Swedish feel, emulating but not copying those blues flecked grooves that are often the territory of
Graveyard and
Witchcraft


Mother Forgive Me” finds
High Priestess back in more familiar country, ethereal harmonies sang (and in this case also whispered) over low ,slow grooves of lysergic doom anchored by grizzled bass and pummelling percussion all overlaid with deliciously seductive guitar colouring.


Earth Drive” closes ”
Demo” with an atmospheric, slightly folky doom torch song taken to another level by
Gilchrest’s soaring guitar solo and hauntingly sweet vocals and harmonies, melodic yet with an underlying feeling of darkness it leaves the listener in no doubt that
High Priestess are a band they will want to hear a lot more from in the future.

Check ’em out …..

© 2017 Frazer Jones



Desert Psychlist is not in the habit of reviewing demo’s but there are occasions when a band release a demo so damn good that it would be a disservice to both music fans and the band not to give ’em a well deserved plug as is the case with
High Priestess’s aptly titled ”
Demo“.


Sisters are doing it for themselves” sang the
Eurythmics (with a little help from
Aretha Franklin) and sisters of the riff,
Katie Gilchrest: (guitar / vocals),
Megan “Whiplash” Mullins: (drums) and
Mariana Fiel: (bass) are certainly testament to those lyrics, the
Californian trio not only writing, arranging and playing all the songs on ”
Demo” but also having a hand in the mixing, mastering and artwork.


Desert Psychlist is partial to a little eastern promise and
High Priestess deliver that in spades with first track ”
Firefly” a delightful doomy romp through eastern tinted desert soundscapes underpinned by
Mullins tribal beats and
Fiel’s big bass lines and enhanced by
Gilchrest’s colourful keyboard flourishes,.the song gradually growing in weight and depth when
Gilchrest switches to guitar and the band hit a low. slow but deliciously lysergic groove that sees the guitarist/keyboardist sharing vocals with
Fiel, the pair harmonizing but with one just a heartbeat behind the other creating a sublime echo effect, their similar tones haunting and ethereal.


Despise” follows and opens with
Gilchrest’s acoustic guitar and
Fiel’s bass laying down a madrigal-like refrain that fades out to be replaced by an almost prog-like interlude with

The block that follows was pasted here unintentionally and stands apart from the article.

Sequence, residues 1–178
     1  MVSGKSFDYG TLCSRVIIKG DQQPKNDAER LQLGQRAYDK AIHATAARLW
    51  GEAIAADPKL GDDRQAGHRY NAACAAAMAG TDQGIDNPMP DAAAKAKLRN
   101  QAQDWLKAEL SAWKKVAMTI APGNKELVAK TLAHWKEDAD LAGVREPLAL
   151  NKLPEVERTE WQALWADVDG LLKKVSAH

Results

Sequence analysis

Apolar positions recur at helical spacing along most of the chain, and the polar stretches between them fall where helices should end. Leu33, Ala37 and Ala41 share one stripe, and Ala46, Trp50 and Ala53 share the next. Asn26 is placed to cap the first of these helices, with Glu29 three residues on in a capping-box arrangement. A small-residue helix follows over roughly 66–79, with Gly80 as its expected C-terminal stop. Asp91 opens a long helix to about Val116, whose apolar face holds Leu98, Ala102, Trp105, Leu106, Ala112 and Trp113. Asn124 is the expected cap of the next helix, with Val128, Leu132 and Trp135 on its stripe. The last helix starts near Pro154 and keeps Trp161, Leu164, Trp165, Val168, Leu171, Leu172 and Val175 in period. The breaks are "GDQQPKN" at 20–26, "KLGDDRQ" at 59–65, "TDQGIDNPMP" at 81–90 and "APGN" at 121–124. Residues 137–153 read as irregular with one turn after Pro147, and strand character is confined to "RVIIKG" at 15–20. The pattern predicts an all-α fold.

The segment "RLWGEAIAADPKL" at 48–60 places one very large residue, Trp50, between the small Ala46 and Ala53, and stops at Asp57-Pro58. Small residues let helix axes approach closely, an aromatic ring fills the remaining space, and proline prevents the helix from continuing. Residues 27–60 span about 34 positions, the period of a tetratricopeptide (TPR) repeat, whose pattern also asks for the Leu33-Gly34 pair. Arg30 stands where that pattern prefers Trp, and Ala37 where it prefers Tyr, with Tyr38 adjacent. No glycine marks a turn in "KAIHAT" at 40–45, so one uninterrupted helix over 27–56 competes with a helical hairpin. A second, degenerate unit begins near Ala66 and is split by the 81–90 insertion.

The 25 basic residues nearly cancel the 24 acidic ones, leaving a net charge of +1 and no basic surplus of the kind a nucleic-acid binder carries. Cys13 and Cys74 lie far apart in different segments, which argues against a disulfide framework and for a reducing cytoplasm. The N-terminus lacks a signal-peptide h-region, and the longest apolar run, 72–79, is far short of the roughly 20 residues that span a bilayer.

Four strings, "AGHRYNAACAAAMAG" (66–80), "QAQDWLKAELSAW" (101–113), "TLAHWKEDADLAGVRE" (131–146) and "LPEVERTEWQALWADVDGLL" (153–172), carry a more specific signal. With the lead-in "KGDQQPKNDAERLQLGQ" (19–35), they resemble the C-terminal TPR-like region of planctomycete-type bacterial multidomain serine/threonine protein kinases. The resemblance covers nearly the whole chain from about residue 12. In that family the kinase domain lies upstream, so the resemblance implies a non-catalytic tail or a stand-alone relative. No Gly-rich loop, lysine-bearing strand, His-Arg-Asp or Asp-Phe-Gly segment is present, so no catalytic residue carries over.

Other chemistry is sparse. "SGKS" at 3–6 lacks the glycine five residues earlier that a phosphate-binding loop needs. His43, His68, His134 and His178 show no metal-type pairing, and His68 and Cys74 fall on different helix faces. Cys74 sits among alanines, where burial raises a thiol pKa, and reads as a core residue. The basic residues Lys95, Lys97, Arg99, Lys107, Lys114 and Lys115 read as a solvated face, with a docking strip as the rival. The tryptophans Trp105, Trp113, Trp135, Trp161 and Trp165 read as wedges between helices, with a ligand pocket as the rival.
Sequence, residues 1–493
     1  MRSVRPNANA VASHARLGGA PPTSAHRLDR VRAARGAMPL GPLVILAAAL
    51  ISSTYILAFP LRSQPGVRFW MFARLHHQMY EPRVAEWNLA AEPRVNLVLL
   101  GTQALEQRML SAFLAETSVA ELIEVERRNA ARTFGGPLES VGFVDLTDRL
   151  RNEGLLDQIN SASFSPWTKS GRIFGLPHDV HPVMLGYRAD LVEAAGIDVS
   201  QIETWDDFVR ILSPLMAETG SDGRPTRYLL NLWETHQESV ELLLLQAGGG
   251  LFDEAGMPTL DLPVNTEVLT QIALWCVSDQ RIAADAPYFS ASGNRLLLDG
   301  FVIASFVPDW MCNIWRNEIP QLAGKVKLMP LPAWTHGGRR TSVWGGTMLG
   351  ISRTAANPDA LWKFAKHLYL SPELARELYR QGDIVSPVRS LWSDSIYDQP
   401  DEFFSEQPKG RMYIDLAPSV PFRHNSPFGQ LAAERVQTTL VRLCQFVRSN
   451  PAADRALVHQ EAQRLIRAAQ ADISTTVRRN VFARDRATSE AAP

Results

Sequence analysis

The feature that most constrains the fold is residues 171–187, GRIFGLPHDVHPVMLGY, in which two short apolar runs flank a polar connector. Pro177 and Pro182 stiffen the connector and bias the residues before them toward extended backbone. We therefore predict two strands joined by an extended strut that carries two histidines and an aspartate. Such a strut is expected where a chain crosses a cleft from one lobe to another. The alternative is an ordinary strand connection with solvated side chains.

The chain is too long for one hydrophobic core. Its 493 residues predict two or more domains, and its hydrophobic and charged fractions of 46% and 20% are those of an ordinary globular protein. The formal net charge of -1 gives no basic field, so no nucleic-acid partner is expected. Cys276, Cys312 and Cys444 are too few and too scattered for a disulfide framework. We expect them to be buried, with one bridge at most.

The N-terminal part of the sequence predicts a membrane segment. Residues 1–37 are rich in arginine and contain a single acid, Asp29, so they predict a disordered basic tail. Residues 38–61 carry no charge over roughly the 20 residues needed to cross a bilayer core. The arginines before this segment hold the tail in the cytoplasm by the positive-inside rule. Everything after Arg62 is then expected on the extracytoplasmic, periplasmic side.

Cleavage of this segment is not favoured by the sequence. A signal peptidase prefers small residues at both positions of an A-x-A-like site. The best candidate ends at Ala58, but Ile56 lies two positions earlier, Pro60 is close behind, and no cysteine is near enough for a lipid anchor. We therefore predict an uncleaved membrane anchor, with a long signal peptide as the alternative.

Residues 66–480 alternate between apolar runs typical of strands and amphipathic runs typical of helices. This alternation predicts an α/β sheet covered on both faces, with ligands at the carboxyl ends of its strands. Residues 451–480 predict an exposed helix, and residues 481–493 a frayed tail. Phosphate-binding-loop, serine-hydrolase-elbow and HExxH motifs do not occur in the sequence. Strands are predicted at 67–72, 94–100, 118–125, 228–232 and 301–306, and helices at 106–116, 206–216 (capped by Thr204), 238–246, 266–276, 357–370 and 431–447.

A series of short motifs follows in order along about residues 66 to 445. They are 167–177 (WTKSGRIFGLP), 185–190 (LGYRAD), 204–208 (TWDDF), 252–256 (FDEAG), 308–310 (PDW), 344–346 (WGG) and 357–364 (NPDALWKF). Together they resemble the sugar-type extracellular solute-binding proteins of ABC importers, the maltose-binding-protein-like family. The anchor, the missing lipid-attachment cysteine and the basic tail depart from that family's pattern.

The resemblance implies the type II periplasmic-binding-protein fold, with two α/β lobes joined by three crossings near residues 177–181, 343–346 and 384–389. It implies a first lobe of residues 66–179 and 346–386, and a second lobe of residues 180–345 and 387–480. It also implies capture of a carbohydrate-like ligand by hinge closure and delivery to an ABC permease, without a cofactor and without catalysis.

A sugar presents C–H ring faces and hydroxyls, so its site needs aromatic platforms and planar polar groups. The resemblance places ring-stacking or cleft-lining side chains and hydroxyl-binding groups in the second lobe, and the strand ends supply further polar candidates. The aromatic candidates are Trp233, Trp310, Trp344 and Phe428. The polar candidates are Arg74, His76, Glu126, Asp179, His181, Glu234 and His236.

Gilchrest switching to electric guitar, sweeping complex arpeggios over
Fiels thrumming bass and
Mullins sparse but totally effective percussion. The song then shifts up a gear into full on doom territory
Fiels bass defiantly holding the middle ground while
Gilchrest adds exotic touches of six string colouring and
Mullins lays down a solid and pulverising array of percussive power beneath, the guitarist and bassist layering their haunting harmonies above it all. The song then goes into out there psych mode in its mid-section with
Friels bass emitting all manner of grizzled noises and effects complimented by
Gilchrest’s swirling dark keyboards and
Mullins thunderous drums before diving back into the doom again and taking the song to its conclusion.


Take The Blame” sees
High Priestess exploring a more stoner doom sound, the band laying down the fuzz hard and thick, the band jamming a sound that that has a distinctly
Swedish feel, emulating but not copying those blues flecked grooves that are often the territory of
Graveyard and
Witchcraft


Mother Forgive Me” finds
High Priestess back in more familiar country, ethereal harmonies sang (and in this case also whispered) over low ,slow grooves of lysergic doom anchored by grizzled bass and pummelling percussion all overlaid with deliciously seductive guitar colouring.


Earth Drive” closes ”
Demo” with an atmospheric, slightly folky doom torch song taken to another level by
Gilchrest’s soaring guitar solo and hauntingly sweet vocals and harmonies, melodic yet with an underlying feeling of darkness it leaves the listener in no doubt that
High Priestess are a band they will want to hear a lot more from in the future.

Check ’em out …..

© 2017 Frazer Jones



Desert PsychlistHigh Priestess’sDemo


Sisters are doing it for themselvesEurythmicsAretha FranklinKatie GilchrestMegan “Whiplash” MullinsMariana FielCalifornianDemo


Desert PsychlistHigh PriestessFireflyMullinsFiel’s Gilchrest’s Gilchrest Fiel
DespiseGilchrest’s Fiel’sGilchrest Fiels Mullins FielsGilchrestMullinsFriels Gilchrest’s Mullins
Take The BlameHigh PriestessSwedishGraveyard Witchcraft
Mother Forgive MeHigh Priestess
Earth DriveDemoGilchrest’s High Priestess

Source: Desert Psychlist